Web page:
But that's not how that works. Porn is a legal performance (like any other type of performance). In order for a porn company to distribute a recording, they need the written consent of the actors. They get that via a contract. The terms of the contract stipulate whether or not and how the porn company can distribute the recording. These contracts generally stipulate that, in exchange for X$ in payment and Y$ in royalties, the porn company owns the rights to the recording and is free to distribute, broadcast (etc.) the video as they please. By signing this kind of contract and accepting the payment, the porn actors legally agree to let anyone/everyone see the video without requiring 1-on-1 consent; they've de jure given that consent en masse and waived their right to further compensation or to damages by signing the contract.

"Well objectively I'd say it's not to their benefit, but their objective detriment, though they may lack the judgment to discern this - and under the same logic that one cannot request certain harmful acts to the body, such as legally hire a hitman to murder themselves, then one could make a similar case with pornography."

Except that unlicensed killing is illegal whereas legal pornography is, well, legal.

There is no legal definition of 'consent', as far as I know, that speaks to physical presence.  Cam-whores give explicit legal consent to strangers over the internet all the time.  Phone sex operators have given consent to strangers over the phone for decades.  Hell, if you want to take the 'business' motive out of it ... people have phone sex, chat sex, and webcam sex with strangers all the time.  Under what legal theory of consent are those encounters not-consensual?

With regard to the "to their detriment" argument -- that's not a bodily property rights argument anymore.  It's a nanny-state argument.  You're overriding their ability to consent because you think the State knows better.  Not sure what would give you that idea.  The State generally sucks at this kind of decision-making.

Your real problem here is ... who's the victim?  And, who's the criminal?  Who are you protecting?  From whom?

On your "voyeurism/consent" theory, the criminal would theoretically be the viewer and the victim would be the the performer.  You'd have to pass a law specifically invalidating the ability of a grown woman to consent to sex if there's a camera in the room.  Similar to statutory rape laws, I guess.  Expect riots.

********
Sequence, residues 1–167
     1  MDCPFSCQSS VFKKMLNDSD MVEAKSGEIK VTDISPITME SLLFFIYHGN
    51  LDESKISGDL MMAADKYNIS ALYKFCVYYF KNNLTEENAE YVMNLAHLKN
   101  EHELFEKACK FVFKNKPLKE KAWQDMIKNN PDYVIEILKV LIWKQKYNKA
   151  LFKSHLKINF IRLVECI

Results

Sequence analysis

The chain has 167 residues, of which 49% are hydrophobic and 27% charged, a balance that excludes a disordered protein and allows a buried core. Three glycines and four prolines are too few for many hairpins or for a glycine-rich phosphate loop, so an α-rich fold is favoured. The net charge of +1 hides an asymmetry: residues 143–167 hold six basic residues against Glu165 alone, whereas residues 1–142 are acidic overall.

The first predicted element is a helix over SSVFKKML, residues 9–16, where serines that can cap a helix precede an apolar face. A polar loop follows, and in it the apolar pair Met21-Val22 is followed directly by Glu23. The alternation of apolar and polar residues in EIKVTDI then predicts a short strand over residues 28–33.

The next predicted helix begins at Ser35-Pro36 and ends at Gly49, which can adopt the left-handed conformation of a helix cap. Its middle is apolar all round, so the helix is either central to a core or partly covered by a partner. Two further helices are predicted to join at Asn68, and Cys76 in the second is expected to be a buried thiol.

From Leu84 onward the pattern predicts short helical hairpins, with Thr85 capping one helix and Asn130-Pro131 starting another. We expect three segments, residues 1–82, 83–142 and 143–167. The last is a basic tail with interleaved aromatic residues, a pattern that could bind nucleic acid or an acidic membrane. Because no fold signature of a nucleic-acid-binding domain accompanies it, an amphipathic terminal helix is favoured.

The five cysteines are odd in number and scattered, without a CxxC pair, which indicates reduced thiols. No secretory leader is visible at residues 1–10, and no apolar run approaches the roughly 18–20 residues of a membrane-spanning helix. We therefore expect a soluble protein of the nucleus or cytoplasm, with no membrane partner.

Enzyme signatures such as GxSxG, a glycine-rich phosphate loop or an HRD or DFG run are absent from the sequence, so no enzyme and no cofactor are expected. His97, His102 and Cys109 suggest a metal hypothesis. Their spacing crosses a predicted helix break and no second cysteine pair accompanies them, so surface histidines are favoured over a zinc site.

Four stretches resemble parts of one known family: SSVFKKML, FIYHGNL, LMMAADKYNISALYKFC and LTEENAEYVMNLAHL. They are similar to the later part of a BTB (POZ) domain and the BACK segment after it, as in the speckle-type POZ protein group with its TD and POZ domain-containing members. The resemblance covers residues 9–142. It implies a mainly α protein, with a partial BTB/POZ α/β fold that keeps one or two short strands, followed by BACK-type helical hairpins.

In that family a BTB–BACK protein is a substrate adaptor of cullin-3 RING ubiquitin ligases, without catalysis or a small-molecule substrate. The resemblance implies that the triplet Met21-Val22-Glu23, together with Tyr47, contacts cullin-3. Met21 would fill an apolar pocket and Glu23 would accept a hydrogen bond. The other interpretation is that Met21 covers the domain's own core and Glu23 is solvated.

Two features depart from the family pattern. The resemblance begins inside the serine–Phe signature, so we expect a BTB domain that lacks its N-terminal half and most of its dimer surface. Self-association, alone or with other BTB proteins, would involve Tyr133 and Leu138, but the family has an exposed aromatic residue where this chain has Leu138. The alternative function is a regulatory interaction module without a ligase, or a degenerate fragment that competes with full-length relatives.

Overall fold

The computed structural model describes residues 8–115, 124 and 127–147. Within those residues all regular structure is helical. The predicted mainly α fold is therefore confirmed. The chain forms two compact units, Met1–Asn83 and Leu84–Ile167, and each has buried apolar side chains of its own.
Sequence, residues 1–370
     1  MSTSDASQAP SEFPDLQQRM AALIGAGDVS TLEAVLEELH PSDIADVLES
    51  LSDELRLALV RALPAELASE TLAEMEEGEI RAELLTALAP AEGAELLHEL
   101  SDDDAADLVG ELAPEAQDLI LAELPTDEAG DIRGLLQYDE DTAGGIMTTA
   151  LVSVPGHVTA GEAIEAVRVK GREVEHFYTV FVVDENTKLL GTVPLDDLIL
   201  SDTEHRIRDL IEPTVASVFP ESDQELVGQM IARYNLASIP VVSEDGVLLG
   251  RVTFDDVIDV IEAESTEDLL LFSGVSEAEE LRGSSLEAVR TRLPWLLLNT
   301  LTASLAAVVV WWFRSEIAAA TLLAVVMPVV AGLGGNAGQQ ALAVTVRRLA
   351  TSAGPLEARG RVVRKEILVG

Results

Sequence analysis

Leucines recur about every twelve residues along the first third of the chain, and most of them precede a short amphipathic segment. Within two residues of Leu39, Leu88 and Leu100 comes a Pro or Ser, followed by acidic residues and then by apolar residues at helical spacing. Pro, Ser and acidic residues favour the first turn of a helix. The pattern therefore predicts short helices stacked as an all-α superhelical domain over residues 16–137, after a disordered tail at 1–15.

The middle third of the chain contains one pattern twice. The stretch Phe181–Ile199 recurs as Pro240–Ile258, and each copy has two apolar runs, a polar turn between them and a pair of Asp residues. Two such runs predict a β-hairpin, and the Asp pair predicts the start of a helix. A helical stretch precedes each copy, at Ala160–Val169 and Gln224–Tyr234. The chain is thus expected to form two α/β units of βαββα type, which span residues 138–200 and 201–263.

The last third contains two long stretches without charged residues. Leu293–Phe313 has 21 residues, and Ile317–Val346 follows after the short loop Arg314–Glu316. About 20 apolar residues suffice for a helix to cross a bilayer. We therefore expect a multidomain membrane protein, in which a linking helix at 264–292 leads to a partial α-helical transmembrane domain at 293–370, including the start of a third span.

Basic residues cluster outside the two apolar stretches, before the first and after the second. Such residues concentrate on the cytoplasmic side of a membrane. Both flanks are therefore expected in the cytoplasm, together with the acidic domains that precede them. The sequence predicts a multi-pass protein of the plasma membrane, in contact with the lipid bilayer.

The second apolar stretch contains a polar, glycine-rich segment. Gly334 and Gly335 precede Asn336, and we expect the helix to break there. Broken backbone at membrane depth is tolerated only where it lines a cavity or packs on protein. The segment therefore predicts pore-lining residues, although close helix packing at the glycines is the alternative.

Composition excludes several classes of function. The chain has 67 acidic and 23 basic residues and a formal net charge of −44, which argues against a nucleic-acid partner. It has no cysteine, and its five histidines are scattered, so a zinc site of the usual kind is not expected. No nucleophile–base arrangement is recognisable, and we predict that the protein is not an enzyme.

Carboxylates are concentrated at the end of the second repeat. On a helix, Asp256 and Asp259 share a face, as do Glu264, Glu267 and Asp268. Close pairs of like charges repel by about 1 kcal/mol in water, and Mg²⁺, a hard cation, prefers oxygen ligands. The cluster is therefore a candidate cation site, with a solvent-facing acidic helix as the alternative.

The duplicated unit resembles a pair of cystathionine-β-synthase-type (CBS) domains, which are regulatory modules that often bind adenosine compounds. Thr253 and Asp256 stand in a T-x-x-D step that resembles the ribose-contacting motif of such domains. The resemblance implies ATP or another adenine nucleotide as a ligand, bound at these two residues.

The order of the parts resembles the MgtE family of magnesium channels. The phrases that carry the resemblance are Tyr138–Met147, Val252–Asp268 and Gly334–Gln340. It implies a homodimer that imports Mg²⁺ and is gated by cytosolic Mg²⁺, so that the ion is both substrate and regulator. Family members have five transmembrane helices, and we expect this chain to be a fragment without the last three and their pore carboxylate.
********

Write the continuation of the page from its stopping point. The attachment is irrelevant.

You could then charge the viewer with statutory voyeurism.  But ... I don't see how a case gets made.  Child porn laws center on kids inability to consent due to lack of agency.  You'll never get a law passed invalidating the ability of grown women to consent to sex like that.

You'd probably have better luck just saying "porn is bad, so should be illegal".  Monkeying with the ability of free adults to consent to sex would cause much more problems than it sounds ... and would get struck down faster than you could write it.

On the 'bodily property' theory ... I can't even figure out who you're charging with a crime here.  The other actor?  If the girl is the victim, and you're overriding her consent to save her from herself ... her co-star would be the one that extra-consensually penetrated her.  But ... you'd be overriding his consent as well, so she also had sex with him absent consent.  So ... mutual rape?  With no victim?

The producer?  The cameraman?  The viewer?  The performers?  Who's the criminal?  What do you charge them with?  To protect whom?  And ... who's going to testify?


JB

You've made some good legal points, I'm thinking primarily in regards to internet pornography which can be electronically distributed with little to no means of control.

In a situation such as a camwhore directly interacting with a specific client, that's one thing; however in a situation where a video or photograph is mass-distributed via the internet to entirely anonymous individuals with little-to-no direct interaction with the pornographic model, then I'm thinking a better case could possibly be made for an inability to give consent, but I'm not totally sure on this.

To me, there is a very big difference between posting (1) a video which has been approved by the persons who are appearing and (2) a video taken secretly without the persons who are appearing knowing about it.

True, however my argument is that potentially, it's impossible to give consent via mass-distribution mediums a la internet pornography, where there is little-to-no means of curation when and whom views it.

As opposed to something, such as a private phone sex line where the individual is directly interacting with a specific client.

So under this argument, while creating internet pornography wouldn't be invalid in and of itself, distributing it or hosting it via mediums, such as websites which allow for mass distribution to anonymous parties, would not.

What is your basis for that argument?  Just coming up with a theory off the top of your head is not an argument.  It has to be based on some reasonable understanding of the law ... or at least some reasonable understanding of the words themselves.

Where did you get the idea that consent is undermined by mass distribution?  Why wouldn't the right to contract override that?  If somebody signs an agreement acknowledging that the film will be distributed -- with no means of 'curation' -- on what basis is that contract invalid?

JB